New Rotherham United stadium hosts first football match

Rotherham United's New York Stadium Rotherham United's New York Stadium occupies the site of a former foundry

Rotherham United has played its first game at its new home - the £17m New York Stadium.

The Millers won 2-1 against Barnsley in a pre-season friendly match on Saturday.

The 12,000-seat venue is yet to be fully completed with the capacity reduced to half as flood prevention works continue, the club said.

Chief executive Paul Douglas said fans would however be impressed despite the reduced facilities.

"We've made our fans aware about the ongoing works and issues, and I don't think a couple of kiosks not being opened is a major issue at all," he said.

"It was always going to be a half-capacity for this first game and the next game and nothing's changed."

A spokesman for the club said: "To the naked eye everything appears OK at the ground. We're ready to play football. It's the office side of things that need finishing off."

'National acclaim'

Mr Douglas said there was a huge interest in the stadium, with all 6,000 tickets being sold out for the first game.

The stadium occupies a central position in Rotherham town centre, on the site of the former Guest and Chrimes foundry.

Club chairman Tony Stewart said the venue had already attracted attention from football fans outside South Yorkshire.

"I've had one or two people - Tottenham, Chelsea people - talking and saying 'what's happening in Rotherham?', so it's certainly getting national acclaim because of its style and investment.

"I'm expecting people to come along and have a look at us and see what Rotherham's doing, not just building a stadium but building a town and a culture."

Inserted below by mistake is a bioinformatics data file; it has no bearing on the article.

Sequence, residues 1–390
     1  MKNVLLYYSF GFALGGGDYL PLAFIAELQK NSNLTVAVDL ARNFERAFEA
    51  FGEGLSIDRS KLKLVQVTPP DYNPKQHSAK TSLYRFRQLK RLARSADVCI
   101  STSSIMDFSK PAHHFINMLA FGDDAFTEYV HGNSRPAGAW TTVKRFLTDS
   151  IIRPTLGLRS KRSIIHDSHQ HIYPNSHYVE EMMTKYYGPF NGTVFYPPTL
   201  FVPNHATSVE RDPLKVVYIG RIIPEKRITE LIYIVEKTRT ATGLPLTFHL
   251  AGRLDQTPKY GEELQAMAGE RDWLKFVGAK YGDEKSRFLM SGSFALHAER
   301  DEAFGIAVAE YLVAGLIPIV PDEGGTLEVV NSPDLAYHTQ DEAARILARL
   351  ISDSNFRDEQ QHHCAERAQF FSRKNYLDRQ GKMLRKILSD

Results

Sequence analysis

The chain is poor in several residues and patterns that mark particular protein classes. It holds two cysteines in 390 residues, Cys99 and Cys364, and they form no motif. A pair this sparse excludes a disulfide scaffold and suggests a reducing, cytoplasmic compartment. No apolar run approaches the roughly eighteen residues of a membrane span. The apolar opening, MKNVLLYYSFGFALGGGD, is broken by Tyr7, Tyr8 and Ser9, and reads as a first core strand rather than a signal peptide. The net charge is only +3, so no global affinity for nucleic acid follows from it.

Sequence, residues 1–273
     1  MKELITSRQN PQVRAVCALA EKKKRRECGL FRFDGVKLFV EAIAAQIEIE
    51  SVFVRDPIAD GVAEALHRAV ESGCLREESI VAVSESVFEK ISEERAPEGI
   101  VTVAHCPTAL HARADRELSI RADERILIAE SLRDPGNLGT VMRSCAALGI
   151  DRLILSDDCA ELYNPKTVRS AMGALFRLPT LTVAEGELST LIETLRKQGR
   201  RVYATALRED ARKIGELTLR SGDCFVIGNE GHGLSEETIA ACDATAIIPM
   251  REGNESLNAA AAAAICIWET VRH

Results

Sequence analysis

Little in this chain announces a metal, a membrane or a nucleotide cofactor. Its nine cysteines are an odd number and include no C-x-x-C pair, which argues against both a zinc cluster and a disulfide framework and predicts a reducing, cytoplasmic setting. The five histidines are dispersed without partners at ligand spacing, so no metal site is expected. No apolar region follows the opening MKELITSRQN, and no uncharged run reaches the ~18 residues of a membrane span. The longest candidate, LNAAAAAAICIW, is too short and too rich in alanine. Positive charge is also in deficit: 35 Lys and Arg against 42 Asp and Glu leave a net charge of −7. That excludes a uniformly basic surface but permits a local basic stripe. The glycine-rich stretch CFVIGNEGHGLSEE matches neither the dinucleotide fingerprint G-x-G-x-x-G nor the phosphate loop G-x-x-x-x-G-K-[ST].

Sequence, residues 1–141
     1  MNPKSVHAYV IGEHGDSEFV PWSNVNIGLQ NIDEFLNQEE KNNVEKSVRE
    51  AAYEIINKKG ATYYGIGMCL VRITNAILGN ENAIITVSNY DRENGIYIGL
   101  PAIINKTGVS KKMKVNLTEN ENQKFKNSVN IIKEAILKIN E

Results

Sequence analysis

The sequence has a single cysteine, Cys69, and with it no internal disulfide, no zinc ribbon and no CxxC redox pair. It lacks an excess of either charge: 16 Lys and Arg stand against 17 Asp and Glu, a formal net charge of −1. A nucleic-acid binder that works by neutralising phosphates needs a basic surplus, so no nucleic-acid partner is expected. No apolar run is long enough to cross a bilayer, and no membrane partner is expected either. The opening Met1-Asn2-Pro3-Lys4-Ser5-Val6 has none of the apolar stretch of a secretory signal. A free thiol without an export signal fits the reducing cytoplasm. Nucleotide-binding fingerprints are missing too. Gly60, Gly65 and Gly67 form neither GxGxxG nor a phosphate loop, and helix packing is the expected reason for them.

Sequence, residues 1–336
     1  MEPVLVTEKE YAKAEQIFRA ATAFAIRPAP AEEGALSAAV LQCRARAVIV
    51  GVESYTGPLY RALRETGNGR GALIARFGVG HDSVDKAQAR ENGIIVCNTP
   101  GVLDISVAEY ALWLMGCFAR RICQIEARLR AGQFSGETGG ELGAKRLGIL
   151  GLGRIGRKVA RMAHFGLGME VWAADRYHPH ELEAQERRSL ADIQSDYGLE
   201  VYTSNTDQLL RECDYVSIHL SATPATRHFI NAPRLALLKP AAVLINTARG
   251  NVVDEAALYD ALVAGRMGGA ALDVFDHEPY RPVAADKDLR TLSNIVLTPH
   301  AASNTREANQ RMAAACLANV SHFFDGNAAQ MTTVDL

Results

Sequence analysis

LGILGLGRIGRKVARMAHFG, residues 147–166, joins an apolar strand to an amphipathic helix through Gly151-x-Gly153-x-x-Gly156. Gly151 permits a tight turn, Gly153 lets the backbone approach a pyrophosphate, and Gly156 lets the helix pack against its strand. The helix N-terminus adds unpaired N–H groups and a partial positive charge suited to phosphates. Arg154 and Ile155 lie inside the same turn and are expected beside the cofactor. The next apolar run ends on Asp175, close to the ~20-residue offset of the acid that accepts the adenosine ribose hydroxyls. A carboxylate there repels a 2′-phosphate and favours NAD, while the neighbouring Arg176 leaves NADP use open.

The club has been playing at the Don Valley Stadium in Sheffield since 2008.

More on This Story

Related Stories

The BBC is not responsible for the content of external Internet sites

BBC Sheffield & South Yorkshire

Weather

Sheffield

10 °C 8 °C

Features

  • Witley Court in Worcestershire Abandoned mansions

    What happened to England's lost stately homes?


  • Tray of beer being carried10 Things

    Beer is less likely to slosh than coffee, and other nuggets


  • Spoon and buckwheatSoul food

    The grain that tells you a lot about Russia's state of mind


  • Woman readingWeekendish

    The best reads you need to catch up on


  • Salim Rashid SuriThe Singing Sailor

    The young Omani who became a pre-war fusion music hit


BBC © 2014 The BBC is not responsible for the content of external sites. Read more.

This page is best viewed in an up-to-date web browser with style sheets (CSS) enabled. While you will be able to view the content of this page in your current browser, you will not be able to get the full visual experience. Please consider upgrading your browser software or enabling style sheets (CSS) if you are able to do so.